Robocup 2016: The agony and the ecstasy

Teaching a robot to play soccer is a lot harder — and lot more fun — than Hayden Smith bargained for.

Programming a humanoid robot to play soccer is, I imagine, a little bit similar to raising a child.

Some days things go so well that you can’t help but pick up your robot and hug it while cheering with an embarrassing glee. Sometimes nothing works, and it seems like the robot just won't listen (read: work as intended). Those days are incredibly frustrating but when it's over, for the better moments and the worse, it all feels worth it.

Of course, programming robots is nothing like parenting, but there is certainly something special about using your engineering abilities to program a robot to think, to make decisions for itself, and to play soccer autonomously.

UNSW competes in a "Standard Platform League" (for fairness everyone has the same hardware, but writes their own software) every year as part of a larger competition known as Robocup. In 2016, a team consisting of myself, three other students, and one staff member, travelled to Leipzig in Eastern Germany to defend our back-to-back World Championship titles in 2014 and 2015.

Winning in 2016 was going to be hard from the start. New regulations changed our easy-to-see fluoro orange soccer ball to a matte, black-and-white patched soccer ball. Seeing the ball became the battleground for 2016.

Although funded at similar levels to other universities, our team was three to six times smaller than our German and American major rivals. We really needed more people!

With our small team and working on top of our own very old software, we just weren't up to standard when it came to keeping track of the ball. We quickly concluded that a robot's ability to play soccer is affected by its ability to the see the ball (sarcasm). Our robots also share the ball's location between them to determine where they are on the field. The knock-on effect essentially meant that we played a series of round robin matches in which the robots didn't know where they were, and could rarely see the ball.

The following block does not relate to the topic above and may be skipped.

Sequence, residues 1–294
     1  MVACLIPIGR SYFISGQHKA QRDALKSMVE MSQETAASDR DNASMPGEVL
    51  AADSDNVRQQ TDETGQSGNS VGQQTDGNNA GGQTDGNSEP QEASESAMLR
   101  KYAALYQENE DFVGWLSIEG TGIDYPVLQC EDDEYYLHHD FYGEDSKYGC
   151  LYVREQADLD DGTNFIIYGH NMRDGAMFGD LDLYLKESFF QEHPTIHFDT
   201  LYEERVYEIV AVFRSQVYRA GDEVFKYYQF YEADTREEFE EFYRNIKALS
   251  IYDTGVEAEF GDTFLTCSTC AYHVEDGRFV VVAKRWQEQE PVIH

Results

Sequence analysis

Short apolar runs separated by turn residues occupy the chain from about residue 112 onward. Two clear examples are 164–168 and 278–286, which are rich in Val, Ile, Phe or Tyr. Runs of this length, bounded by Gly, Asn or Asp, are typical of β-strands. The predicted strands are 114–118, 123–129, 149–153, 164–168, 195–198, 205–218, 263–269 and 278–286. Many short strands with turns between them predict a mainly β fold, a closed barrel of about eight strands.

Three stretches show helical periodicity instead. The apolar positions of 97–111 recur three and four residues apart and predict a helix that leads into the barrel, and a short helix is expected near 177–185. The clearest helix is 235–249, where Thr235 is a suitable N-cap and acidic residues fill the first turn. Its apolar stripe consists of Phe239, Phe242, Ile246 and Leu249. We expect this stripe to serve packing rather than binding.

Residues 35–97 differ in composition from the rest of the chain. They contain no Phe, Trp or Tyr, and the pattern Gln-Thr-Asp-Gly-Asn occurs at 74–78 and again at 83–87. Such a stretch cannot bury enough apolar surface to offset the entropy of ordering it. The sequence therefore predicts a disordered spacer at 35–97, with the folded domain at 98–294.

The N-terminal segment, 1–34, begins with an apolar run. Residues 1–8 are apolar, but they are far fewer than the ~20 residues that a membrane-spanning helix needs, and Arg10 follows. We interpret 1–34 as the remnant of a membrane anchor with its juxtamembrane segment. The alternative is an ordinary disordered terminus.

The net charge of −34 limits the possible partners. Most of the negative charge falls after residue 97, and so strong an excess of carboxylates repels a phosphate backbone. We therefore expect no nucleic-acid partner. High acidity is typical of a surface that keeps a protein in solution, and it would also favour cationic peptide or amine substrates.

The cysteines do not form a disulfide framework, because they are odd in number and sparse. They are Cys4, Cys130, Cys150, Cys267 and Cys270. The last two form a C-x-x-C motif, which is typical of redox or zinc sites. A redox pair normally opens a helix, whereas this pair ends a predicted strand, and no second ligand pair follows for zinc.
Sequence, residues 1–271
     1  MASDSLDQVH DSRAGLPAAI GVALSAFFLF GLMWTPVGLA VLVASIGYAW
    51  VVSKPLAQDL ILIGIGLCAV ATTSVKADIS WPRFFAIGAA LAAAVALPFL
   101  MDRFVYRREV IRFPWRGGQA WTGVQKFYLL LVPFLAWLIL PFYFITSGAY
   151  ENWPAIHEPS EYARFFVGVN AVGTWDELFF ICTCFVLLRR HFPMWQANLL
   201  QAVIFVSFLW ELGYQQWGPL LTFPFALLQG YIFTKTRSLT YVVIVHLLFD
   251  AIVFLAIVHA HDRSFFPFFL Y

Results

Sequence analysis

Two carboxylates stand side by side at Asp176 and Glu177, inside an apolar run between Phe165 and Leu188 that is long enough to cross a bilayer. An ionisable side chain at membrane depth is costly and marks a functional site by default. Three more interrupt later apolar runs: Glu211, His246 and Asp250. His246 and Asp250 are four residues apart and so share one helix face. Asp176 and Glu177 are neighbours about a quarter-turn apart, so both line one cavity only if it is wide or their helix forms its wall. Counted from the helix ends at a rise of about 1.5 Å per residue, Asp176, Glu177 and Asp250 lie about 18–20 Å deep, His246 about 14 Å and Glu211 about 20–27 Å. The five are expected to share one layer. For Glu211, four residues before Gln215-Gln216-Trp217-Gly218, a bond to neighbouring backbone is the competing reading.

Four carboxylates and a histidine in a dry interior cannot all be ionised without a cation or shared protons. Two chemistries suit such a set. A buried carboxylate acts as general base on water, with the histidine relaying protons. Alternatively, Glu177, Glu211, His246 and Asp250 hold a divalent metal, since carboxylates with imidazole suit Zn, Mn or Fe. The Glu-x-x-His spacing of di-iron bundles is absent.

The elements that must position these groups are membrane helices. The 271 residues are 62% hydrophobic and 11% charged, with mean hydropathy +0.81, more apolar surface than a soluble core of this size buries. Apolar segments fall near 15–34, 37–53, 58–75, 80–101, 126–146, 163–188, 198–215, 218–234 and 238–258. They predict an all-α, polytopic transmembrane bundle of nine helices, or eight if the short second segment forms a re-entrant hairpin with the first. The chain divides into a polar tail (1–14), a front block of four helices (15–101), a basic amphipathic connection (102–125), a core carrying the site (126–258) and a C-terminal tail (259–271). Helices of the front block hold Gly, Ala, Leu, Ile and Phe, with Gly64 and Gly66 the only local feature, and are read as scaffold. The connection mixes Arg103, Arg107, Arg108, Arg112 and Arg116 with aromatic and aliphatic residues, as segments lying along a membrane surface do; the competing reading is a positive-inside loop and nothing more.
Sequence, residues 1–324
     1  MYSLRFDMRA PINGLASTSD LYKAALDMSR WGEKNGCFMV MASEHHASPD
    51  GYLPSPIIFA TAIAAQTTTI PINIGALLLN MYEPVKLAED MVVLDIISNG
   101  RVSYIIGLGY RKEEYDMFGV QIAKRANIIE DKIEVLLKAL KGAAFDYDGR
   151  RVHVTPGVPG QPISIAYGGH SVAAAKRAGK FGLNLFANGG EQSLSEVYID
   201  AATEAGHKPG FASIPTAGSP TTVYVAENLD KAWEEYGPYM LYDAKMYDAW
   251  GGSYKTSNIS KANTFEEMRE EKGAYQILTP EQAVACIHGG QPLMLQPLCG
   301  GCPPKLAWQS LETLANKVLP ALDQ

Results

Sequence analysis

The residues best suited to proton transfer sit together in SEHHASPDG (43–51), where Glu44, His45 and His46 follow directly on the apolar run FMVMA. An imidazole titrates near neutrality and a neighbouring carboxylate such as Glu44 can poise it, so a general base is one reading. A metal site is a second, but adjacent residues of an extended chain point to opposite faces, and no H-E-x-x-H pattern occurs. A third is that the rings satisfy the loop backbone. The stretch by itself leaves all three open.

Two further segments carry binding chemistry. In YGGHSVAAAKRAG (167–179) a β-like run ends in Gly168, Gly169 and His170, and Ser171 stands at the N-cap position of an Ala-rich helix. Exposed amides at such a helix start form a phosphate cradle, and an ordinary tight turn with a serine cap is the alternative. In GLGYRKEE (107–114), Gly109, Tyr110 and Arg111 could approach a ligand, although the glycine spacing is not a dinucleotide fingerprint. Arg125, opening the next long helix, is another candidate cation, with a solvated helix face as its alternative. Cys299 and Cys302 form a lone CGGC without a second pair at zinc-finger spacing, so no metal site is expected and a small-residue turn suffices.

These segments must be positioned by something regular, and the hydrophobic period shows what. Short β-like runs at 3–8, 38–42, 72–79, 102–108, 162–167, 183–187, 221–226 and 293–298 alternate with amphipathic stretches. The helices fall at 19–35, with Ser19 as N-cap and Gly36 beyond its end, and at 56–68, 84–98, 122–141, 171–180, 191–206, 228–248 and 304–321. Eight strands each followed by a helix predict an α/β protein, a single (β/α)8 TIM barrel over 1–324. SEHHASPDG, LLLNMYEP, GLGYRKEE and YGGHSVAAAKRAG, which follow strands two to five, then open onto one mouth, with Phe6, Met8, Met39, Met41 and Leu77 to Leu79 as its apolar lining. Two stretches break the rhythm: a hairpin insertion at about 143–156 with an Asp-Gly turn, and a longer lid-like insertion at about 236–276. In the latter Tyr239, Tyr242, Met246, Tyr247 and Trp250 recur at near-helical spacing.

"Training" for the robots.

Although we had a couple of shots at the goal, and a few breath-stopping moments of hope, we didn't make it into the play-off rounds. It was a disappointing result, but the important thing is that we put in a good effort.

More broadly, after racing solar cars for over two years with sUNSWift, I won't lie; I was convinced it would be hard to get excited about small robots trotting around a field at a sometimes irritatingly slow speed. But in the months leading up to competition, that assumption was proved wrong. Our programming became more than theory — it became a reality of making compromises, cutting corners, and learning how to develop a real-world sense of priorities when, literally, a handful of seconds matter.

There was something so fundamentally and naturally exciting about the soccer games. No matter who we played, or how well matched the teams were, we were deeply invested in our robots’ success. Every time they chased a ball, we’d shoot to our feet to (loudly) cheer them on. Every time the robots kicked for goal and ever so slightly missed, our heads would fall into our hands as we mourned the lost opportunity.

It was a place where the lines between engineering and sport were blurred — and all that was left was a lot of fun, and a lot of learning along the way.

- Hayden Smith, 4th year Computer Science (Hons)

Robocup is one of the many innovative Student-led Projects that UNSW students can participate in during their studies. Click here to find out more and make your mark today.

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  • The robots in Japan.
  • UNSW's RobCup team being interviewed ahead of the game.
  • Score!